Registered Nurse Thinking About Switching Careers and Entering a MS in Financial Engineering program

Joy Pathak

Swaptionz
Is this actually true though, the part about 200k. Seems contradictory to what I assume to know.
Truer words have never been spoken. I think 200k once you get to VP with bonus at a good bank is prolly the number for most financial engineers.

Unless you are a trader at a big sell side bank and making good PnL prop trading or a hedge fund PM you are sitting in the 150-250 range as a VP/Director in middle office/backoffice.

If you make it... then u will get close to 10% of your prop trading pnl.... so you can make 500k-1mm+ as a director or MD at a sellside or hedge fund or whatever your alpha mandate is.

I think maybe 1 in 100 .. maybe 1 in 200 financial engineers become full sellside traders? and then out of like say 10 traders maybe 1-2 actually make money? out of say 10 sellside money making traders maybe 1 eventually becomes a PM at an asset manager or hedge fund?

Tough odds.
 

Michsund

Active Member
C++ Student
Truer words have never been spoken. I think 200k once you get to VP with bonus at a good bank is prolly the number for most financial engineers.

Unless you are a trader at a big sell side bank and making good PnL prop trading or a hedge fund PM you are sitting in the 150-250 range as a VP/Director in middle office/backoffice.

If you make it... then u will get close to 10% of your prop trading pnl.... so you can make 500k-1mm+ as a director or MD at a sellside or hedge fund or whatever your alpha mandate is.

I think maybe 1 in 100 .. maybe 1 in 200 financial engineers become full sellside traders? and then out of like say 10 traders maybe 1-2 actually make money? out of say 10 sellside money making traders maybe 1 eventually becomes a PM at an asset manager or hedge fund?

Tough odds.
So your saying 200k with bonus for a vp quant in middle office position.
 

Michsund

Active Member
C++ Student
yeah prolly fair statement. in todays climate ... 150-250 range for a VP middle office quant.. makes sense. obviously there are exceptions but that sounds about right to me.
What would these ranges look like for a front office position. I'm wondering since many of these mfe have base starting around 100k so yeah.
 

JamalTheTrader

Member
C++ Student
The figures don't seem that surprising. I think this is a field for competitive spirits. You want to be striving to be on top. If there's a field you want to be very passionate about, this is one of them.
 
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Joy Pathak

Swaptionz
What would these ranges look like for a front office position. I'm wondering since many of these mfe have base starting around 100k so yeah.
The base is same no matter what part of the bank you are...

unless you are a trader or on a profitable desk the only variation is the bonus. It all depends.. if you are front office.. like say an associate or a VP but dont have your own book than your bonus is dictated by how well the desk has done... if you are running your own book.. its dependant on your balance sheet and how good you are at prop trading and making money. so not sure what to tell you... you can make 100K bonus.. or yo uca make 10mm bonus.... depends on desk by desk and how high you are..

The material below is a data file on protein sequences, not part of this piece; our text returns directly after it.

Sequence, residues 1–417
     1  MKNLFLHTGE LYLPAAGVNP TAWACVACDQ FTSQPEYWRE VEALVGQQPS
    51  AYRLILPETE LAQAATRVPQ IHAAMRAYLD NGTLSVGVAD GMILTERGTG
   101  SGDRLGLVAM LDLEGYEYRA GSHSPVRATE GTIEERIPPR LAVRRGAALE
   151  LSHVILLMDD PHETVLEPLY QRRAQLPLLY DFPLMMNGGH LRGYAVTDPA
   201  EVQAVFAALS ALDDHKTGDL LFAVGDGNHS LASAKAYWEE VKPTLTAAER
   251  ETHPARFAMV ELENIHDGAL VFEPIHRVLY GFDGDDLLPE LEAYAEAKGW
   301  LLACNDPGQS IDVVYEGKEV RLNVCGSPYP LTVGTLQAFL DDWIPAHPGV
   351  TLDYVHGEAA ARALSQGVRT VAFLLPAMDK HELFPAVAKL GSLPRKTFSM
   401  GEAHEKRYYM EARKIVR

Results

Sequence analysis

if you are a VP running your own book on a very profitable desk.. you are usually capped to 500-600K . Director can get to 1mm.. and obviously MD is where there are usually no caps.
 

Michsund

Active Member
C++ Student
The base is same no matter what part of the bank you are...

unless you are a trader or on a profitable desk the only variation is the bonus. It all depends.. if you are front office.. like say an associate or a VP but dont have your own book than your bonus is dictated by how well the desk has done... if you are running your own book.. its dependant on your balance sheet and how good you are at prop trading and making money. so not sure what to tell you... you can make 100K bonus.. or yo uca make 10mm bonus.... depends on desk by desk and how high you are..

if you are a VP running your own book on a very profitable desk.. you are usually capped to 500-600K . Director can get to 1mm.. and obviously MD is where there are usually no caps.
Yeah I was just wondering because I worked at a buy side recruiting firm and the numbers that I saw people get paid on the quant side we’re pretty insane at places. But I guess these are the top people not the avarage quant.
 

Joy Pathak

Swaptionz
Yeah I was just wondering because I worked at a buy side recruiting firm and the numbers that I saw people get paid on the quant side we’re pretty insane at places. But I guess these are the top people not the avarage quant.
yeah it all depends. there are quant developers i know who get paid 500K + just coding. they dont even know what a tick is.
 

jah.david.kim

New Member
Joy, Michsund, Jamal. I take it that these are all salary figures for an MFE or Quant? Would those figures be possible to attain (with years of experience) if I got a general Masters in Finance or MBA? Would those figures require that I work 80+ hours per week for the first 5 years I work or is there a 40ish hour per week option? Would getting an MBA or Masters in Finance in my 40's present me with a lot of ageism discrimination where getting those higher paying jobs in my 40's will be a challenge?

Any suggestions on other career paths that can lead to these $200k-$500k type jobs? Surgeon?